French govt to review tax on high-earners
The French government will consider bringing back a tax on high earners which President Emmanuel Macron abolished early in his presidency, a key demand of “yellow vest” protesters who have been blocking roads and fuel depots for weeks, officials said Wednesday.
“If something isn’t working, we’re not dumb, we’ll change it,” government spokesperson Benjamin Griveaux said on RTL radio, though “the issue is not on the table for now.”
Ending the ISF “wealth tax” on high earners was a key part of Macron’s pro-business presidential campaign, seen as a way of encouraging people to invest and hire in France.
The goal was also to stem an exodus of millionaires and billionaires toward countries with lower tax burdens such as Belgium or Luxembourg.
The levy applied to around 350,000 French households whose combined assets exceeded 1.3 million euros ($1.5 million).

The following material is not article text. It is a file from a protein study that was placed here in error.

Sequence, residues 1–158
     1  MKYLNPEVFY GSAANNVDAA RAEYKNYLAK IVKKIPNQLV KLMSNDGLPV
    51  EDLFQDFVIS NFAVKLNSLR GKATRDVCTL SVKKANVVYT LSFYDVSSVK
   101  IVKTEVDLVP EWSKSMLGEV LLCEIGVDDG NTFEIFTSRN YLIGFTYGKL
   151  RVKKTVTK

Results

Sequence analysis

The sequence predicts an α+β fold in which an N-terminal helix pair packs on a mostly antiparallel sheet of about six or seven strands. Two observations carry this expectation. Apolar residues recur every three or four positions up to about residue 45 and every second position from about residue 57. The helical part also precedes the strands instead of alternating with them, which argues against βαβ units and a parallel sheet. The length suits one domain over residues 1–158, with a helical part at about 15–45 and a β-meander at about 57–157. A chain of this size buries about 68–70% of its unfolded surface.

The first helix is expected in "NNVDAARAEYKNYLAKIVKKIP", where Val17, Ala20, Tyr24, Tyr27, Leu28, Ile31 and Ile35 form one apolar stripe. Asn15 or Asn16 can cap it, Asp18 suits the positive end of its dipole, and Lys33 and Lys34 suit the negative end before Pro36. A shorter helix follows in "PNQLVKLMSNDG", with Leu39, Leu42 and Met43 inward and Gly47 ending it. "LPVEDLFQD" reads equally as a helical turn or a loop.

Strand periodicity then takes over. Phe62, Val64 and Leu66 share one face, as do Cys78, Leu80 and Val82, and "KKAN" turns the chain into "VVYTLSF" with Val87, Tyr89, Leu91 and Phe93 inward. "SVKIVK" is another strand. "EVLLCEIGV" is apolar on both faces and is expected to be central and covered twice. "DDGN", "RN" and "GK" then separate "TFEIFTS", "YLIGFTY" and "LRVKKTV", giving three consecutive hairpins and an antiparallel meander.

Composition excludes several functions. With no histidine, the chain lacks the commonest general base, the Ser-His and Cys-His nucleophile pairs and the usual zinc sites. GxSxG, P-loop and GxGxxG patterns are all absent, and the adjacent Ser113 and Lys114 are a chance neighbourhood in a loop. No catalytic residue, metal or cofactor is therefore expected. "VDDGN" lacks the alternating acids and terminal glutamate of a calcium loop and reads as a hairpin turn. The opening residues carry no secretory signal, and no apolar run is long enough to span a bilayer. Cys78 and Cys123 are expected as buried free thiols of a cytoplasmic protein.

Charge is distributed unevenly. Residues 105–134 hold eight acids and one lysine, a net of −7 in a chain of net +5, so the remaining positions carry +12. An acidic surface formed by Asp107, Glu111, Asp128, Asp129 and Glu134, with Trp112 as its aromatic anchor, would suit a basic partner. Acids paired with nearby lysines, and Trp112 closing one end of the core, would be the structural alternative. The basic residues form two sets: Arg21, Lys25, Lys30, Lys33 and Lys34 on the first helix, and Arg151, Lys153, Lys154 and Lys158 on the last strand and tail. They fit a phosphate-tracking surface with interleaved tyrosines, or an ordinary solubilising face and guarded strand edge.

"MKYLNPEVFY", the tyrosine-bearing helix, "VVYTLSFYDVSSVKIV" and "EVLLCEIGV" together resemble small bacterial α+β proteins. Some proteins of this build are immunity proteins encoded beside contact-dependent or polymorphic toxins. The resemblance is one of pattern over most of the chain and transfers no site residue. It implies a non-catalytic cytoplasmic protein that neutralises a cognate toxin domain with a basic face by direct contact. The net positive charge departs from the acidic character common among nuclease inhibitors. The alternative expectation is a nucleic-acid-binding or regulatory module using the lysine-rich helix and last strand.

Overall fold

In cutting the tax Macron was bringing France in line with most other wealthy nations, which began ending such taxes in the 1990s.
But abolishing it cost the government an estimated 3.2 billion euros in annual tax revenue.
The ISF was replaced with a less onerous tax on property holdings with a combined value of more than 1.3 million euros – though it excluded investments in property shares.
Left-wing critics and labor unions have said the tax cut for the rich was particularly galling since Macron’s government has raised taxes or cut benefits for pensioners and others at the lower end of the social ladder.
The “yellow vest” movement, which originally erupted over anger at fuel tax increases, has ballooned into a wider protest over rising costs of living and a perceived disregard by Macron for the problems facing rural and small-town France.